ACTING CHAIR: What do you think is the potential scale of the workforce?

Ms Lanyon : There are so many marine biologists out there—including myself, being one of them, so I'm actually really passionate about this—who end up doing environmental work where it's all terrestrial. There is not a lot of work in that reef space. You really need to be quite specialised in terms of what you're delivering. You're either in tourism, training people to do work out on the reef, or you're in research.

ACTING CHAIR: Do you see it as a potential growth area?

Ms Lanyon : Absolutely. It's something that Ecosure is definitely starting to look into—whether we train people ourselves. We're partnering with a couple of local organisers. There's a local organisation here called Reef Ecologic that is starting to do reef restoration training sessions on Orpheus and various other places, including doing it with Indigenous and traditional owners of the sea country.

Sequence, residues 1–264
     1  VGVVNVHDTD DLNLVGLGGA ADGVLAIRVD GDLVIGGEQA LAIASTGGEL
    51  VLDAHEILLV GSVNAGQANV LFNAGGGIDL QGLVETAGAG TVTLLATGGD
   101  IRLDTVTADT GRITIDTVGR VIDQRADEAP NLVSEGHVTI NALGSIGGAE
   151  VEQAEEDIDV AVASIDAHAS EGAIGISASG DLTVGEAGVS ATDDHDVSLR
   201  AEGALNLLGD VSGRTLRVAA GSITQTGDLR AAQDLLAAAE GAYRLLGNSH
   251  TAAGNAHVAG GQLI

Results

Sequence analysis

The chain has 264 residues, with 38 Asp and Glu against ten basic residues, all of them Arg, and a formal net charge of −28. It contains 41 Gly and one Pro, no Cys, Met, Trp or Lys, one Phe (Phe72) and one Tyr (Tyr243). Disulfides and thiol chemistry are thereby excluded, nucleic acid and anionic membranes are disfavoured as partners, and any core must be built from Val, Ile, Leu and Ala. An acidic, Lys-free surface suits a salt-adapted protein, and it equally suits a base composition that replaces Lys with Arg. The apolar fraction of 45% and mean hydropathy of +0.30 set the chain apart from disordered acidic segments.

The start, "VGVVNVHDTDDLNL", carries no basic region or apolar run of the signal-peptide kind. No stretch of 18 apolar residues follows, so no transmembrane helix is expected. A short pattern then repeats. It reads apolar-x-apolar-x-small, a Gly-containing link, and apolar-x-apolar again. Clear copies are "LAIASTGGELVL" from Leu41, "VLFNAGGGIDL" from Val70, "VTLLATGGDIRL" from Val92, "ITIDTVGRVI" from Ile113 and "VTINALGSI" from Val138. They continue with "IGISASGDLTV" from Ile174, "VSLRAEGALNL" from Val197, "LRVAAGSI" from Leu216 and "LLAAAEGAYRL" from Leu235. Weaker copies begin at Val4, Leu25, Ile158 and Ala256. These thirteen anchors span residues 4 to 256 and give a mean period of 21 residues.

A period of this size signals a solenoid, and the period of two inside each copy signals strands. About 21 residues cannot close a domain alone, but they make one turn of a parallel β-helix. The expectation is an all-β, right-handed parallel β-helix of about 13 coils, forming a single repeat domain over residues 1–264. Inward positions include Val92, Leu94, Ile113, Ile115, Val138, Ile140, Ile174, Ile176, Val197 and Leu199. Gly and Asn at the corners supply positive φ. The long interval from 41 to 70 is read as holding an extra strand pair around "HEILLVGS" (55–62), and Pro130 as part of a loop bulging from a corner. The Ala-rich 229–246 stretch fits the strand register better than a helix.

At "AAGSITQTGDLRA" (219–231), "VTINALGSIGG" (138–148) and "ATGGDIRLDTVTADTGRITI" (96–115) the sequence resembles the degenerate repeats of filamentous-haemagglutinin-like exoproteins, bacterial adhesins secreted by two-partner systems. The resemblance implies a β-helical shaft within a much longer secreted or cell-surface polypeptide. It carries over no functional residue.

ACTING CHAIR: In terms of the natural home of new skills in that regard, it would seem to me to be Townsville, given you've got AIMS, JCU, GBRMPA and all of the main marine sciences already based here. Is there a sense that Townsville would be the natural home for this growing new reef restoration area?

Ms Lanyon : It could absolutely be a natural home, definitely.

ACTING CHAIR: You talked about some councils doing local ecological restoration and resilience work—in particular, the planting of buffers to guard against subsequent vegetation loss to ensure that the benefit of those buffers would still exist even if the original buffer died. I think that's what you were describing. You mentioned Noosa Shire Council, and obviously that's in South-East Queensland, a bit closer to where I live. Are there any other councils, particularly in North Queensland, that you're aware of that are doing that sort of buffer work or council led ecological resilience work?

Ms Lanyon : Not that I'm aware. There are elements of it, but not to the extent that Noosa Shire has gone to.

Mr O'Grady : I know Mackay Regional Council want to do that. They don't necessarily have the funding to do that.